OK, here goes on your Sonny offer:

Gray: we know what he is

Hahn: are you really trying to sell me a guy you just optioned to Triple-A right before his 28th birthday?

Coulombe: he’s not bad, but he’s not good either – he wouldn’t have a Major League job for us right now

Chalmers: are you really trying to sell me a guy who quit two months ago?

Fillmyer: Fillmyer is interesting (and I’ve got a thing for converts), but I don’t love the backup in results at Double-A this year (I’m sure you don’t either)

We could’ve had a fun conversation about Daulton Jefferies if you could’ve kept his arm attached.

So here’s where we are: we’d do Happ/Vosler/Williams for one of the two packages below. You tell me which one works for you.

Package 1: RHP Sonny Gray, RHP Grant Holmes, RHP Heath Fillmyer

Package 2: RHP Sonny Gray, RHP Blake Treinen, RHP Frankie Montas (we get to try to be the fifth team to get him to throw strikes without allowing homers)


BB: No, unfortunately we aren’t *that* hard-pressed for cash. Thank you for the offer, though.

Those deals are both close to alright for me, but I’d rather hang onto both Holmes and Treinen for the time being. So, a bit of a merger of the two – my offer is:

RHP Sonny Gray, RHP Heath Fillmyer, RHP Frankie Montas for IF/OF Ian Happ, IF Jason Vosler, RHP Ryan Williams


TE: I don’t quite like that one enough. I’ll sit on this for a bit as I think about a counter. If you do Gray, Montas, and one of Holmes/Treinen, it can work. If you’d like to unload Casilla (not a good night for him in Canadia last night, eh?), we can talk.


BB: My order of preference, from greatest to least, of those four: Holmes, Treinen, Montas, Fillmyer. I would like to move Jairo Santiago Casilla if possible.


TE: I can get behind Gray/Treinen/Montas and I eat Casilla’s salary.


BB: That deal might work for me. One thing, though – I would like one or two throw-ins, just veteran relievers you may have taking up space in Triple-A. They don’t need to be any good, I just need warm bodies to fill in my bullpen for the rest of this season, before I re-make it in the offseason. Not prospects, just guys that can throw an inning.


TE: How about David Rollins (Triple-A, threw a couple of innings for the Mariners last year)?


BB: That is an adequate offer. I will be getting back to you after I ask around the league. To recap, your proposal:

IF/OF Ian Happ, 3B Jason Vosler, RHP Ryan Williams, LHP David Rollins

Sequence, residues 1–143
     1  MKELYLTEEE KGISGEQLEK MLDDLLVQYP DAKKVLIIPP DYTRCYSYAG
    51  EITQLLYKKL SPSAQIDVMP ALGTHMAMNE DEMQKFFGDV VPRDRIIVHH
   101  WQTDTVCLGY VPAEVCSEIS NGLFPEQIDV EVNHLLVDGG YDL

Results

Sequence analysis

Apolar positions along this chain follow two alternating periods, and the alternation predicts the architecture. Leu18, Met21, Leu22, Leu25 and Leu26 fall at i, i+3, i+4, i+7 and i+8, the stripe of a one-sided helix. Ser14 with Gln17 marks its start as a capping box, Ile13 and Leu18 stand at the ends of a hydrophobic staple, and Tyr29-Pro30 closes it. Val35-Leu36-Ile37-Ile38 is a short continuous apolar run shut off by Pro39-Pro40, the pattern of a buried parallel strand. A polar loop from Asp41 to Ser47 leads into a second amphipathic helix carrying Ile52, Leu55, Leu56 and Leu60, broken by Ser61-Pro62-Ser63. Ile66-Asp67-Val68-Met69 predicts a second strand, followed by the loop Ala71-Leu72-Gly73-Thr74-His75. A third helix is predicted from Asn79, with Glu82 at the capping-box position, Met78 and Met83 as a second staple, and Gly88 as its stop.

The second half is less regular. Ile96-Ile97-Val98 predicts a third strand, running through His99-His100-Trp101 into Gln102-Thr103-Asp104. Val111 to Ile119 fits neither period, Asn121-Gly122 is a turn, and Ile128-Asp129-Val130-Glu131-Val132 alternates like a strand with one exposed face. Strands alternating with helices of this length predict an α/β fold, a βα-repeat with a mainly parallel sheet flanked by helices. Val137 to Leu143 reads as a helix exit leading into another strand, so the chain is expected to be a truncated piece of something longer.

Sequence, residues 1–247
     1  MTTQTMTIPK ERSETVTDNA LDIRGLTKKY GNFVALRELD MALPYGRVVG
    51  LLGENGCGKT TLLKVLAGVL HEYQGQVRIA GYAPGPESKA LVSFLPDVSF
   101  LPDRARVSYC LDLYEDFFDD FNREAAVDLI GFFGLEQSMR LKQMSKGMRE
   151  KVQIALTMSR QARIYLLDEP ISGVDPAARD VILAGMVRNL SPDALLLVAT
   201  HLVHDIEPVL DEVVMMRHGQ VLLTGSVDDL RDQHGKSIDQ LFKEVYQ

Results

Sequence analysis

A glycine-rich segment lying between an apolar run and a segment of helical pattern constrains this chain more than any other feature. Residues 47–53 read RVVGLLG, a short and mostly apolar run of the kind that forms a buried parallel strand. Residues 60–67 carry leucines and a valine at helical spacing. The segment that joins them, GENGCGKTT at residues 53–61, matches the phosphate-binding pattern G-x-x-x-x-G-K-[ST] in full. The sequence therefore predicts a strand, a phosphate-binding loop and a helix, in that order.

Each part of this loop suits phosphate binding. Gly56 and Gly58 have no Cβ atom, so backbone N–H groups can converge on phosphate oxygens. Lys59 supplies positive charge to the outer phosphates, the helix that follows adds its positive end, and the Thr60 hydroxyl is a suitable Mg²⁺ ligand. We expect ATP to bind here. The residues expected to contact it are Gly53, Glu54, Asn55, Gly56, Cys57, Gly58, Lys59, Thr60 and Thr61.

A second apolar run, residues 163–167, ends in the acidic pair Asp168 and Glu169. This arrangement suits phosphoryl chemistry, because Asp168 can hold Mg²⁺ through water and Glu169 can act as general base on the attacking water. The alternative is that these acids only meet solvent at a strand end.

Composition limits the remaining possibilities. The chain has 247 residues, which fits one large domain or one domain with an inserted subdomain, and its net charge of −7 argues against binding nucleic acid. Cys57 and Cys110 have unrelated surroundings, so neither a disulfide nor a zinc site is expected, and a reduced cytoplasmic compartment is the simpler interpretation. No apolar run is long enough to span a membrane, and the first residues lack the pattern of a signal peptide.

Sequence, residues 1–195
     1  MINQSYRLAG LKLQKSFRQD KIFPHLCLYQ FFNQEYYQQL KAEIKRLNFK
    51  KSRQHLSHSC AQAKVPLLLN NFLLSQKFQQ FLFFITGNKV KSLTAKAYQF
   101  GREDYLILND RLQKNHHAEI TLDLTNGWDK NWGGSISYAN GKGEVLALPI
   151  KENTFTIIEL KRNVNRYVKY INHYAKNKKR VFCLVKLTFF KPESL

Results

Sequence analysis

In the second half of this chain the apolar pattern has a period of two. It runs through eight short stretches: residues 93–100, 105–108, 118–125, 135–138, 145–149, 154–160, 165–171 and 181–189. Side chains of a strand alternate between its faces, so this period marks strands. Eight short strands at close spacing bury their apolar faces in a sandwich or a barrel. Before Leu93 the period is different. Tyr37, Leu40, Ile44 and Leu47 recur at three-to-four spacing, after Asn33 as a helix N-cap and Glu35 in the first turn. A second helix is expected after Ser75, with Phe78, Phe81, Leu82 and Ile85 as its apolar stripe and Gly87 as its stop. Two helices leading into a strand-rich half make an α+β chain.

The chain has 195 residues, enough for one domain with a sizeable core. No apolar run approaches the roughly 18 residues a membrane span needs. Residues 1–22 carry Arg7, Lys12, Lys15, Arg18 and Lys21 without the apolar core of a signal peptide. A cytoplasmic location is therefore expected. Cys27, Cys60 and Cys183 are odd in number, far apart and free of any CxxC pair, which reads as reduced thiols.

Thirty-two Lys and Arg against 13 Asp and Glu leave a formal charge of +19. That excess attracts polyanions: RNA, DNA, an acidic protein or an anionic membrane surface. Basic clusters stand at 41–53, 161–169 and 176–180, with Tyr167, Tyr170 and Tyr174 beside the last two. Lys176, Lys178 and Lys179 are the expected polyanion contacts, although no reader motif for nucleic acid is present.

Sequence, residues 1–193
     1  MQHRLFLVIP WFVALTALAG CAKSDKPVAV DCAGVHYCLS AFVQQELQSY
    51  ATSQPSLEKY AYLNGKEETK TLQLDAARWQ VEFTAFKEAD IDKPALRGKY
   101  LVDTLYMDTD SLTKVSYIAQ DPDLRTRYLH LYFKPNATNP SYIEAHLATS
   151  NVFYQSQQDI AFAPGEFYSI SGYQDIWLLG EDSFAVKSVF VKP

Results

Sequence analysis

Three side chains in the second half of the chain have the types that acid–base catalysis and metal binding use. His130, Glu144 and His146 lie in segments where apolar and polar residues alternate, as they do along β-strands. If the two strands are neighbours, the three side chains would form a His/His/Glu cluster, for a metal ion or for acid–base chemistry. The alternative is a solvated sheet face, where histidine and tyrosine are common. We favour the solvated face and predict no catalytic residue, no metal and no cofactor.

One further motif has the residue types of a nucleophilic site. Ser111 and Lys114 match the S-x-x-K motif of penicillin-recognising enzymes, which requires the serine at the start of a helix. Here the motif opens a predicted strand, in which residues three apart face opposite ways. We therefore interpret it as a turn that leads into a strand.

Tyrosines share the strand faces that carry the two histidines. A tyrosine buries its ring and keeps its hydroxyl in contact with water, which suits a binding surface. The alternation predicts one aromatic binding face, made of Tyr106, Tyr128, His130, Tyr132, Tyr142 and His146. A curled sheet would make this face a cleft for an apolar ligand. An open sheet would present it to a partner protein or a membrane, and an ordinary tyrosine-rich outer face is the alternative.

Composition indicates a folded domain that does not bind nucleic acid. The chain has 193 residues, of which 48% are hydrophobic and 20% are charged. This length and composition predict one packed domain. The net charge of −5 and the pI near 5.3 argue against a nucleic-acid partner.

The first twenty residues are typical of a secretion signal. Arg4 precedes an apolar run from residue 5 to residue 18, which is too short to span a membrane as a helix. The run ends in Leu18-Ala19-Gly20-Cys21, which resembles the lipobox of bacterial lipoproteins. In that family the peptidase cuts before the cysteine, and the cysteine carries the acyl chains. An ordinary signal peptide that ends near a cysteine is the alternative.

RHP Sonny Gray, RHP Blake Treinen, RHP Santiago Casilla, RHP Frankie Montas


TE: Confirmed.

In reality, I don’t see a deal with the Cubs working out. After acquiring Jose Quintana from the White Sox, they don’t have a strong enough need in their rotation – Sonny would be more of a luxury for them. In addition, they don’t have a true blue-chipper on their farm anymore to trade for Gray, and would most likely have to either empty the farm or trade from their Major League roster, neither of which they would be excited to do.

In this simulation, Rob was much more interested in lefty Sean Manaea. However, I let him know that my baseline price for Manaea would be expensive – Ian Happ, along with two very exciting, high upside prospects. When talks shifted back to Gray, I still insisted on Happ as the main piece coming back, even though that meant I had to add to my side. None of Candelario, Baez, or Russell are that great of a fit for the current A’s team, and thus I had very little interest in any of them.

Happ is a different story. The 22 year-old switch-hitter has good power, and can play both the infield and outfield. While long term he may be a bit of a stretch in center field, he can certainly play there until he ages out of it. Also headed to Oakland would be intriguing third baseman Jason Vosler, who has shown good discipline and power, and could be moved to a corner outfield spot. Ryan Williams is an interesting back-end type with good control, and David Rollins is simply bullpen filler.

Unfortunately, I had to add two high-upside bullpen arms to the deal in Frankie Montas and Blake Treinen. I would personally prefer to trade these two over a prospect like Grant Holmes, but it still hurts to see both go. Dumping Santiago Casilla’s contract is definitely a plus, however.

Personally, depending on what other offers looked like, I don’t think I would end up going with this trade. If I were only giving up Montas, maybe, but I like Treinen a bit too much. Other teams will likely be more desperate for Gray’s services than the Cubs, and will be willing to give more. Stay tuned for more, and let me know what you thought of this second round of negotiations.


Would you pull the trigger on the proposed deal? (Gray, Treinen, Montas, Casilla for Happ, Vosler, Williams, Rollins)

  • 0%

    (0 votes)

  • 100%

    (4 votes)

4 votes total Vote Now

More Related Articles

Sign up to receive awesome content in your inbox, every day in the morning.

Select Your Interest:

We don’t spam! Read our privacy policy for more info.


Please enter your comment!
Please enter your name here
Captcha verification failed!
CAPTCHA user score failed. Please contact us!

5 Days Trending

We use cookies to ensure that we give you the best experience on our website.